Recalculating true unemployment

While the part-timers who want to work more are not really unemployed (4.5% of the total labour force in the EU) even under a broader definition of unemployment, the people who seek a job but are not available and those who are available but don’t seek (4.8%) unquestionably are truly unemployed. Eurostat calls this last percentage “potential additional labour force”, leaving to be understood that this is unemployment alright. Consequently, under any economic theory, total unemployment comes unquestionably to 11.3% + 4.8% = 16.1%. Then expanding the definition to include the part-timers who want to work more, the total comes to 16.1% + 4.5% = 20.6%. One may chose whatever definition one wishes but the truth remains that total unemployment is not just 11.3%.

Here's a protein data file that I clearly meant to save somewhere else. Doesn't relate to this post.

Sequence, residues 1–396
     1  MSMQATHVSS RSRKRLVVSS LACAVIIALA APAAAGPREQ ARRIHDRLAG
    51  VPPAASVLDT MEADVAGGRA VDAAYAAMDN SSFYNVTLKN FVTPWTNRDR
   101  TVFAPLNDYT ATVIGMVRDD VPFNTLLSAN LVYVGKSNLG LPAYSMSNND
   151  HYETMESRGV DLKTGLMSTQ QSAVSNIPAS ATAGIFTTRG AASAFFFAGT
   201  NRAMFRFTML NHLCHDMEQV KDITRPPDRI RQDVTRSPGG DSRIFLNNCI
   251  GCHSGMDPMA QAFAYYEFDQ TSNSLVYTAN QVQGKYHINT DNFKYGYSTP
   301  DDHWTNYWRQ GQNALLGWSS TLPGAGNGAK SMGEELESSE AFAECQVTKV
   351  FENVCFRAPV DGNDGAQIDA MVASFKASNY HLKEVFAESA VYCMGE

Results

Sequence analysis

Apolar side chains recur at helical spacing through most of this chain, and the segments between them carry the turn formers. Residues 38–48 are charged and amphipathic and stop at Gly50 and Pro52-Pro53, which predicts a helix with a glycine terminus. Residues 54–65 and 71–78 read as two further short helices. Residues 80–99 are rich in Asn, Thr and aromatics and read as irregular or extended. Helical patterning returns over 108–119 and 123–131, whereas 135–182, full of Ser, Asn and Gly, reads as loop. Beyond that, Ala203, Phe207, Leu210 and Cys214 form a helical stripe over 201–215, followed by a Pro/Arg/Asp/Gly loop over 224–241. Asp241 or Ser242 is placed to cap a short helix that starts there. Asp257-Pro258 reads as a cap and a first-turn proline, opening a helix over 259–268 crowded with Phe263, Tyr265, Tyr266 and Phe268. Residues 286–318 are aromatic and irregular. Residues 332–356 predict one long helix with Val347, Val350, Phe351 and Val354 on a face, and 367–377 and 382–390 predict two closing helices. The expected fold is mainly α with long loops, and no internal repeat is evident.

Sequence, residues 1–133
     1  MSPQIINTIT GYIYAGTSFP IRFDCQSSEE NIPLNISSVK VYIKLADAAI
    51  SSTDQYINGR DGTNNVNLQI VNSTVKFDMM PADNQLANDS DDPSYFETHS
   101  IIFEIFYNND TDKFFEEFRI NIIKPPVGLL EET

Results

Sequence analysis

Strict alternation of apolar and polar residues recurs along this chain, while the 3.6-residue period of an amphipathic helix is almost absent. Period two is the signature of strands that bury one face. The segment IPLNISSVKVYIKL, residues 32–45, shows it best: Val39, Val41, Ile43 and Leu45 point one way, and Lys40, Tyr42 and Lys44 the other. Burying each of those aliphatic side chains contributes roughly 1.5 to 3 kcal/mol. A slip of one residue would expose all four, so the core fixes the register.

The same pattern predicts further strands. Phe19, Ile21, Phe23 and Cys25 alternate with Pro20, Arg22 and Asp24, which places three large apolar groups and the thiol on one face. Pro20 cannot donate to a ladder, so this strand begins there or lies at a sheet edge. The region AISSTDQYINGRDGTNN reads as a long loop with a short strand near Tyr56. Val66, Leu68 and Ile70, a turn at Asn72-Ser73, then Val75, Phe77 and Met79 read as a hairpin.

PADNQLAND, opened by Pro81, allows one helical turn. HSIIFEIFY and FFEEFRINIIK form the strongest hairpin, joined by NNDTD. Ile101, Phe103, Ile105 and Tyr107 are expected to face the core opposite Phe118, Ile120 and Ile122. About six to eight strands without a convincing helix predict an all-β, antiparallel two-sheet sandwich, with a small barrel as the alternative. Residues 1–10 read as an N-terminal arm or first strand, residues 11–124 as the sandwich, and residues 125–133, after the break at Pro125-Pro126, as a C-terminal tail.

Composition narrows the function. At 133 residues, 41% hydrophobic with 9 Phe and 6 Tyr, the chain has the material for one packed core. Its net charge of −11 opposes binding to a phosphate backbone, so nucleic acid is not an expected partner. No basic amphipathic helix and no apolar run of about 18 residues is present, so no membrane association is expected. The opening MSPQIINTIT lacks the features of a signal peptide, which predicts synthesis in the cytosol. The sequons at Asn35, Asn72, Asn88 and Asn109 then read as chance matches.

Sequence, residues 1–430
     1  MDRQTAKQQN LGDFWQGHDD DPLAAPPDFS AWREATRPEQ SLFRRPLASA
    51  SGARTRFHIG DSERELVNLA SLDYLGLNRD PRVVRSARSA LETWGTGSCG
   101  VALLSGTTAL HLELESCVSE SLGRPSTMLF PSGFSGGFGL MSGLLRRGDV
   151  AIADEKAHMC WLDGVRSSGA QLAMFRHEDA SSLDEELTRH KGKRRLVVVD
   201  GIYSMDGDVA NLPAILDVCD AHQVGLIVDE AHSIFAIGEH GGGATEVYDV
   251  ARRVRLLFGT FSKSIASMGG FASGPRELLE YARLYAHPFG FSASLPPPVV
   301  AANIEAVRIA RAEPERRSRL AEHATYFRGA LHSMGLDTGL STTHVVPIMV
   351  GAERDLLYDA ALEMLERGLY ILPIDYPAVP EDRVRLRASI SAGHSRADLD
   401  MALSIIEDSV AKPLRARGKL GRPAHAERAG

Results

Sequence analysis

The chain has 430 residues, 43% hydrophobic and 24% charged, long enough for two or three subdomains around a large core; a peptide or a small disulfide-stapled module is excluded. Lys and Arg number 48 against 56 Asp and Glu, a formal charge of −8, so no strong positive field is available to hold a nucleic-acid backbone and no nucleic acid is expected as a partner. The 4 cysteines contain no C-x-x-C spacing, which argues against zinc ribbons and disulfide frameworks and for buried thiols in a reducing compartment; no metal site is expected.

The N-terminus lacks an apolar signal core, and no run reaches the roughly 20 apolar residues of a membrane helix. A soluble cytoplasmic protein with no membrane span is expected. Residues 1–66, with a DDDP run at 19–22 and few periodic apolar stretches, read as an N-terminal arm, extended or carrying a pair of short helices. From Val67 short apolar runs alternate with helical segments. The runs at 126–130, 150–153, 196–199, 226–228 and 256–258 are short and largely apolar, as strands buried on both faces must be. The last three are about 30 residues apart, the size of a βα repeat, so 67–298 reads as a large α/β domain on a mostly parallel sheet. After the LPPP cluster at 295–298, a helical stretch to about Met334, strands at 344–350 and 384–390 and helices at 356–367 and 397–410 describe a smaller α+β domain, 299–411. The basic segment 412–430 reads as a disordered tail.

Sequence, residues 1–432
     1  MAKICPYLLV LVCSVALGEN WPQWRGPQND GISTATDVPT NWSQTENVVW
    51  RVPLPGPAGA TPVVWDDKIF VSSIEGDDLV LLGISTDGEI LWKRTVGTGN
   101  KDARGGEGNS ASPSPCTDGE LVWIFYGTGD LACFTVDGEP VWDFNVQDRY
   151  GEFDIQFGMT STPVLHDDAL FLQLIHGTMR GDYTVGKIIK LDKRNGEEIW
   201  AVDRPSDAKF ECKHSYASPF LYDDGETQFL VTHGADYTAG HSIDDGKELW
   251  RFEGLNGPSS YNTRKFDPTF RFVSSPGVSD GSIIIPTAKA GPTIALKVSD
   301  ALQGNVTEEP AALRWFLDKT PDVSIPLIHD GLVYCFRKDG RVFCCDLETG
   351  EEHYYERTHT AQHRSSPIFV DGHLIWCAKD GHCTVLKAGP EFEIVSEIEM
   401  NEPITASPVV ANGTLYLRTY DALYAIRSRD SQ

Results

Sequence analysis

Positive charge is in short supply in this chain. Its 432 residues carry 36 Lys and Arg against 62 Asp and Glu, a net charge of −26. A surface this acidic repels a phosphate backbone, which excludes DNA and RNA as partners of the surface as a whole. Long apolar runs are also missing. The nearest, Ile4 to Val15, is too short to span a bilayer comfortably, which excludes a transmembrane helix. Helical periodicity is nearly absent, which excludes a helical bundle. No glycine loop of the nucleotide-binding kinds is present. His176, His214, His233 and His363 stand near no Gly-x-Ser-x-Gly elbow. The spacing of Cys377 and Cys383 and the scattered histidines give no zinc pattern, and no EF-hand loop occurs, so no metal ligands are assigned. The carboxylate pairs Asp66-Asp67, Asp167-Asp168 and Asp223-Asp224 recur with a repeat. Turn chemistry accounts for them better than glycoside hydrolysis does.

Who suffer more

Last but not least there exist big differences between the core EU countries and the periphery, mainly in the south. Unsurprisingly the peripheral countries suffer more from those soft forms of unemployment. In Greece, Spain, Ireland and Cyprus the percentage of part-timers who want to work more (underemployed) constitute the largest part of the total labour force (6.8%, 9.1%, 6.7% and 9.3% respectively) amongst the EU member states. It’s quite alarming to observe that parts of the labour force, close to ten percent, being underemployed.

The same big differences between core and peripheral countries exist when examining the “potential additional labour force” (those seeking but not available {mainly women} plus those available but not seeking {mainly students}), who belong to the truly jobless part of the labour force. In this respect the ‘champions’ are Italy (13.6%), Croatia (9.6%), Bulgaria (7.6%) and Finland (7.4%).

All in all there is no doubt that real unemployment in the EU is a much bigger problem than the official rate discloses, and stretches to the region of 16.1% and 20.6%. And again the periphery suffers more.